Inferential statistics are concerned with making inferences based on relations found in the sample, to relations in the population. Inferential statistics help us decide, for example, whether the differences between groups that we see in our data are strong enough to provide support for our hypothesis that group differences exist in general, in the entire population.
We will start by considering the basic principles of significance testing: the sampling and test statistic distribution, p-value, significance level, power and type I and type II errors. Then we will consider a large number of statistical tests and techniques that help us make inferences for different types of data and different types of research designs. For each individual statistical test we will consider how it works, for what data and design it is appropriate and how results should be interpreted. You will also learn how to perform these tests using freely available software.
For those who are already familiar with statistical testing: We will look at z-tests for 1 and 2 proportions, McNemar's test for dependent proportions, t-tests for 1 mean (paired differences) and 2 means, the Chi-square test for independence, Fisher’s exact test, simple regression (linear and exponential) and multiple regression (linear and logistic), one way and factorial analysis of variance, and non-parametric tests (Wilcoxon, Kruskal-Wallis, sign test, signed-rank test, runs test).
Before we get started...
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Comparing two groups
In this second module of week 1 we dive right in with a quick refresher on statistical hypothesis testing. Since we're assuming you just completed the course Basic Statistics, our treatment is a little more abstract and we go really fast! We provide the relevant Basic Statistics videos in case you need a gentler introduction. After the refresher we discuss methods to compare two groups on a categorical or quantitative dependent variable. We use different test for independent and dependent groups.
In this module we tackle categorical association. We'll mainly discuss the Chi-squared test that allows us to decide whether two categorical variables are related in the population. If two categorical variables are unrelated you would expect that categories of these variables don't 'go together'. You would expect the number of cases in each category of one variable to be proportionally similar at each level of the other variable. The Chi-squared test helps us to compare the actual number of cases for each combination of categories (the joint frequencies) to the expected number of cases if the variables are unrelated.
In this module we’ll see how to describe the association between two quantitative variables using simple (linear) regression analysis. Regression analysis allows us to model the relation between two quantitative variables and - based on our sample -decide whether a 'real' relation exists in the population. Regression analysis is more useful than just calculating a correlation coefficient, since it allows us assess how well our regression line fits the data, it helps us to identify outliers and to predict scores on the dependent variable for new cases.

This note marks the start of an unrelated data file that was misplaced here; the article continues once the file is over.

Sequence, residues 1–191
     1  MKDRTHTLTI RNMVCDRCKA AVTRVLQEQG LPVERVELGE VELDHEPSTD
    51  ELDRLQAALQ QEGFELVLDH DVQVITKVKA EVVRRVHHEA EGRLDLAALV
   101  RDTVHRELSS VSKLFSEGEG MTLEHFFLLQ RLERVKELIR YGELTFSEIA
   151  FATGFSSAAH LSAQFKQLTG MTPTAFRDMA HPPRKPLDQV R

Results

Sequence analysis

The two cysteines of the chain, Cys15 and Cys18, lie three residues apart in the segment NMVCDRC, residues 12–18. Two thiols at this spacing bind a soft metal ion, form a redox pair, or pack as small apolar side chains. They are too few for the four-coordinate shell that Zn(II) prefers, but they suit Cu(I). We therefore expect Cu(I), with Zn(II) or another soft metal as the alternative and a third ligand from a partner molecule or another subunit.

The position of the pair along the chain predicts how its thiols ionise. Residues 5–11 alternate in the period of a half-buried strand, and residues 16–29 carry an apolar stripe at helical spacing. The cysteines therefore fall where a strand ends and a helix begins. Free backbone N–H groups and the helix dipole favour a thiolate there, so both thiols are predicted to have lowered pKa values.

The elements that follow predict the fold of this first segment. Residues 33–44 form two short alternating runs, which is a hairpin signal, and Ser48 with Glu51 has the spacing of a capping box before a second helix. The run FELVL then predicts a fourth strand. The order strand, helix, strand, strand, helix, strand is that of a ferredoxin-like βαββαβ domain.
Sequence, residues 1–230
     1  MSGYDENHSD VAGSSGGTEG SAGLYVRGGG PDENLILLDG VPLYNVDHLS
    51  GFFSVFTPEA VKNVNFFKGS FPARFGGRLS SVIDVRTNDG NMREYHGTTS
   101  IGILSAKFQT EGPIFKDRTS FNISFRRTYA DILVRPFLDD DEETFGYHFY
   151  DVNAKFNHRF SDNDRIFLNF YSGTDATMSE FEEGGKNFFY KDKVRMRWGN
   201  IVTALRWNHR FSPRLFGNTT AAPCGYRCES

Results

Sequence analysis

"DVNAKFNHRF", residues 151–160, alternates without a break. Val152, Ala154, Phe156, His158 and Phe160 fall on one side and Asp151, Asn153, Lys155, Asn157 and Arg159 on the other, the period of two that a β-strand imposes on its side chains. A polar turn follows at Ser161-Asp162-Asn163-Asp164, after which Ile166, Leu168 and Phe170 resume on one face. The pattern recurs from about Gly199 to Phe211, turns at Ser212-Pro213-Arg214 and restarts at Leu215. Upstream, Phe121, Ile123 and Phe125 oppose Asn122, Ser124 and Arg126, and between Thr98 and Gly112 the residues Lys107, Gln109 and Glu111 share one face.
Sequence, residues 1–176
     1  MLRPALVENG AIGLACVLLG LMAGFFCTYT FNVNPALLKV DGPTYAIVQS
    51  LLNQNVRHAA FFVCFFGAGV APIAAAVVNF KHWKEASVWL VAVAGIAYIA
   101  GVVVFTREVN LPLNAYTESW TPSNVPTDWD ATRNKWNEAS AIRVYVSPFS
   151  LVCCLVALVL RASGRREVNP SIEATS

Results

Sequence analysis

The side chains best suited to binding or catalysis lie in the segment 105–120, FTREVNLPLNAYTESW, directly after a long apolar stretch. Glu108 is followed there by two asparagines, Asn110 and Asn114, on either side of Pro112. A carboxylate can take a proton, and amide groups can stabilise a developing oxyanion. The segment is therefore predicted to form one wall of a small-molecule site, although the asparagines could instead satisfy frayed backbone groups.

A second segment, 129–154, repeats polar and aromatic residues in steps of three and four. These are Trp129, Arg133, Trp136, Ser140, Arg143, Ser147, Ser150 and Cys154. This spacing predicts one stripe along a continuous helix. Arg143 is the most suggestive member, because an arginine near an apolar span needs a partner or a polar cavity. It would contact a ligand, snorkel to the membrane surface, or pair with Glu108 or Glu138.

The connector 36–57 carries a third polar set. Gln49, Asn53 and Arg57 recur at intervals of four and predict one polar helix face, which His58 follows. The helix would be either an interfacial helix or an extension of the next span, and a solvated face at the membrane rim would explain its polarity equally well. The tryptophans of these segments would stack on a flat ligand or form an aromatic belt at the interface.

In this module we’ll see how we can use more than one predictor to describe or predict a quantitative outcome variable. In the social sciences relations between psychological and social variables are generally not very strong, since outcomes are generally influences by complex processes involving many variables. So it really helps to be able to describe an outcome variable with several predictors, not just to increase the fit of the model, but also to assess the individual contribution of each predictor, while controlling for the others.
Analysis of variance
In this module we'll discuss analysis of variance, a very popular technique that allows us to compare more than two groups on a quantitative dependent variable. The reason we call it analysis of variance is because we compare two estimates of the variance in the population. If the group means differ in the population then these variance estimates differ. Just like in multiple regression, factorial analysis of variance allows us to investigate the influence of several independent variables.
In this module we'll discuss the last topic of this course: Non-parametric tests. Until now we've mostly considered tests that require assumptions about the shape of the distribution (z-tests, t-tests and F-tests). Sometimes those assumptions don't hold. Non-parametric tests require fewer of those assumptions. There are several non-parametric tests that correspond to the parametric z-, t- and F-tests. These tests also come in handy when the response variable is an ordered categorical variable as opposed to a quantitative variable. There are also non-parametric equivalents to the correlation coefficient and some tests that have no parametric-counterparts.
In this final module there's no new material to study. We advise you to take some extra time to review the material from the previous modules and to practice for the final exam. We've provided a practice exam that you can take as many times as you like. The final exam is structured exactly like the practice exam, so you know what to expect. Please note that you can only take the final exam twice every seven days, so make sure you are fully prepared. Please follow the honor code and do not communicate or confer with others while taking this exam or after. In the open questions of the exam (i.e. those that are not multiple choice) you should report your answers to 3 decimal places, and use 5 decimal places in your calculations. Good luck!